Moyamoya disease is an idiopathic vasculopathy of the circle of Willis, which affects mainly children and young adults.1 First described by Takeuchi and Shimizu in Japan in 19553, it has since been described in other geographical locations including North America4, Europe5 and the Indo-Pakistan subcontinent.6-9 Though an uncommon cause of ischemic as well as hemorrhagic stroke in young patients, stroke is the most common clinical manifestation of this entity.2 Moyamoya disease accounts for 10% to 20% of arterial infarcts in children.10 About 85% of patients with moyamoya disease present with stroke. Three quarters of the strokes are ischemic.2 Hemorrhage is more common in older patients.1 Seizures and cognitive impairment have been reported in 7.5% of the patients.3 Headache, psychiatric symptoms and movement disorders are uncommon symptoms. All of our patients presented with ischemic strokes. In addition three patients had seizures, one had multifocal and two had generalized tonic clonic seizures, at some point in their disease course.

Annual incidence of moyamoya disease is estimated at one per million population, with peak age incidence below the age of ten years. However, another small peak is well described during the 3rd decade of life.1 The disease is slightly more common in females.2 About 10% of patients have a positive family history of moyamoya disease.1 Three of our four patients were females and presented during childhood. None had a family history of moyamoya.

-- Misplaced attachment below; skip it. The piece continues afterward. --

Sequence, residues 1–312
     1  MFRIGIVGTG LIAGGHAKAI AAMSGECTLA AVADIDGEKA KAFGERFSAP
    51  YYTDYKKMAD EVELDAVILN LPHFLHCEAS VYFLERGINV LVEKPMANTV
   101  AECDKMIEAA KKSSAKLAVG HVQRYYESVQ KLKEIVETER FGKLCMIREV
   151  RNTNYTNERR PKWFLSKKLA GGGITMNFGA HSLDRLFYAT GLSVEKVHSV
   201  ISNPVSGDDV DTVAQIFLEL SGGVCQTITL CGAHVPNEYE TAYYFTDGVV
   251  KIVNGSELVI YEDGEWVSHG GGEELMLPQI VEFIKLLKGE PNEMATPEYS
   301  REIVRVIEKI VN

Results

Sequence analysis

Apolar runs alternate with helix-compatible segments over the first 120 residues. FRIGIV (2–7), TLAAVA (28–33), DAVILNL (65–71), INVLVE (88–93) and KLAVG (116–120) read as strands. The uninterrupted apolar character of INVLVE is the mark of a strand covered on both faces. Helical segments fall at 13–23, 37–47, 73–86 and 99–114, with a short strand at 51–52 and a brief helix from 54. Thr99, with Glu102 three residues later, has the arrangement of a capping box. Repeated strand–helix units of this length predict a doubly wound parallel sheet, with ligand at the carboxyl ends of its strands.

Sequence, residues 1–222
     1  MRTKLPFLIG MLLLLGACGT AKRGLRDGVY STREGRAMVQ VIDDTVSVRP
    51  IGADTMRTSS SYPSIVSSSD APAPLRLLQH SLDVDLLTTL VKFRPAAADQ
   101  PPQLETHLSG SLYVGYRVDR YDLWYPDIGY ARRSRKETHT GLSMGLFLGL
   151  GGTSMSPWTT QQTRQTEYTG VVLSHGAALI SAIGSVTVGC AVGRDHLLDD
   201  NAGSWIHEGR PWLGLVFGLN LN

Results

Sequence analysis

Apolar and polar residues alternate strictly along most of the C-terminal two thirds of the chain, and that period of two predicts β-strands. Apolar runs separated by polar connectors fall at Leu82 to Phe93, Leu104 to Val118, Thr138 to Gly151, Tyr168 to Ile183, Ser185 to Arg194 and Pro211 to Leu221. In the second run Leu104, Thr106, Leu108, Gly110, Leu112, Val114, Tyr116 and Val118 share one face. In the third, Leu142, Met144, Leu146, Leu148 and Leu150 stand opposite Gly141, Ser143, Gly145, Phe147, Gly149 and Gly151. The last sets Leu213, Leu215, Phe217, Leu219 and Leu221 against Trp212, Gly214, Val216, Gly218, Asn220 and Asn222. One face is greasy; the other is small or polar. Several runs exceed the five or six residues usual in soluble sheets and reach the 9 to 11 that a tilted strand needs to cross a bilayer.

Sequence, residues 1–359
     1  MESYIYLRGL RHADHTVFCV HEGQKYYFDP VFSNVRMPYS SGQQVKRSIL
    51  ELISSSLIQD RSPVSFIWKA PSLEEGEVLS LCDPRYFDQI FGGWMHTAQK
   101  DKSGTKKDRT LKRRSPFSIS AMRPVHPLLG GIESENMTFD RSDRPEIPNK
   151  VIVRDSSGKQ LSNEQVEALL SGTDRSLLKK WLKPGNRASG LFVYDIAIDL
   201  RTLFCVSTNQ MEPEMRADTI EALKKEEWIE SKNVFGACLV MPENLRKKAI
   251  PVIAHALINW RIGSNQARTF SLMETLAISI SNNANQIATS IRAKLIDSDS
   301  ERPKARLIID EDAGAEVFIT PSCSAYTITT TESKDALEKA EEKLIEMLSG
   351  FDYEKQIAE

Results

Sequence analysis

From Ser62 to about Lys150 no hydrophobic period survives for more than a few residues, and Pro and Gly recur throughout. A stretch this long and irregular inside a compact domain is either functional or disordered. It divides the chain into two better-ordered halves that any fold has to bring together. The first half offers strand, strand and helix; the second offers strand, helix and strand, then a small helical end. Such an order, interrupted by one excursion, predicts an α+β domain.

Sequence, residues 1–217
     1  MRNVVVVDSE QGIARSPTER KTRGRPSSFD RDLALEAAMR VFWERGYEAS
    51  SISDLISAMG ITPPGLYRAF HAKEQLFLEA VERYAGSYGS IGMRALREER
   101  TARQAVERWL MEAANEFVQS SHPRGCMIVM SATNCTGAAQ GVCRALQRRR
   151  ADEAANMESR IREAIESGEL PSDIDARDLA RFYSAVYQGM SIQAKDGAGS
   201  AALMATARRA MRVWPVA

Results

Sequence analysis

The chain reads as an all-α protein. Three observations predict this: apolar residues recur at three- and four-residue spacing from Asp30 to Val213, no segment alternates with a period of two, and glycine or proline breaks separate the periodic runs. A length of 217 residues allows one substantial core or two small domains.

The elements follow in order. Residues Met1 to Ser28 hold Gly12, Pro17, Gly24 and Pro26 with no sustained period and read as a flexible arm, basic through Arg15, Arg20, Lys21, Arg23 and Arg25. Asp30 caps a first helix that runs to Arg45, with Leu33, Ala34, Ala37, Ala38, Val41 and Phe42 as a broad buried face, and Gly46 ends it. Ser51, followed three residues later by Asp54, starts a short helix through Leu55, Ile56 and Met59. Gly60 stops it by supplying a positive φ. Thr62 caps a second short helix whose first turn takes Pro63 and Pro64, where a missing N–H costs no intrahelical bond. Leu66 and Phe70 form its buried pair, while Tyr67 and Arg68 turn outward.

The basic pathologic process in affected vessels is smooth muscle cell proliferation and migration to intima. However, the cause of the disease is unknown. The process affects primarily large caliber cerebral blood vessels of the Circle of Willis and results in narrowing of distal internal carotid arteries (ICAs) early in the disease course, followed by that of proximal middle cerebral arteries (MCAs), anterior cerebral arteries (ACAs) and posterior cerebral arteries (PCAs). A collateral basal circulation develops, which gives a typical 'puff of smoke' appearance on cerebral angiography, the hallmark of this entity.1 This appearance prompted Suzuki to give this entity the name moyamoya, a Japanese word, meaning 'vague or hazy puff of smoke'.3 As the disease progresses, the basal network becomes less and less pronounced. The definite diagnosis requires angiographic findings (bilateral occlusion or stenosis of terminal ICAs, proximal ACAs and proximal MCAs, and bilateral abnormalities of basal vascular network and collaterals) which are not secondary to other known processes i.e. CNS infections, sickle cell disease, thalassemia, tuberous sclerosis, neurofibromatosis, vasculitis, connective tissue disease and AVM.1 A comparison of MRA with conventional angiography found it to be a useful noninvasive technique to screen and follow patients with moyamoya disease.11-14 MRA has also been recommended as a definitive noninvasive diagnostic procedure for children.1 In our series, in three patients the diagnosis was established on the basis of DSA and in one patient on the basis of findings of MRI/MRA. Currently surgical cerebral revascularization either through extracranial-intracranial bypass (EC-IC bypass) or synangiosis, is considered to be the mainstay of therapy.1 This procedure reduces the rate of stroke recurrence. Two of our patients underwent surgical intervention without immediate complications, but long-term follow up is not available. In addition conservative/medical treatment such as antiplatelet agents, have been used in patients with ischemic strokes or transient ischemic attacks (TIAs). Steroids may be helpful, especially during the acute phase of recurrent hemiparesis and in patients who present with abnormal involuntary movements.1 Although an uncommon disease, moyamoya should be considered in all children presenting with stroke and in young adults in whom the etiology of stroke is unclear.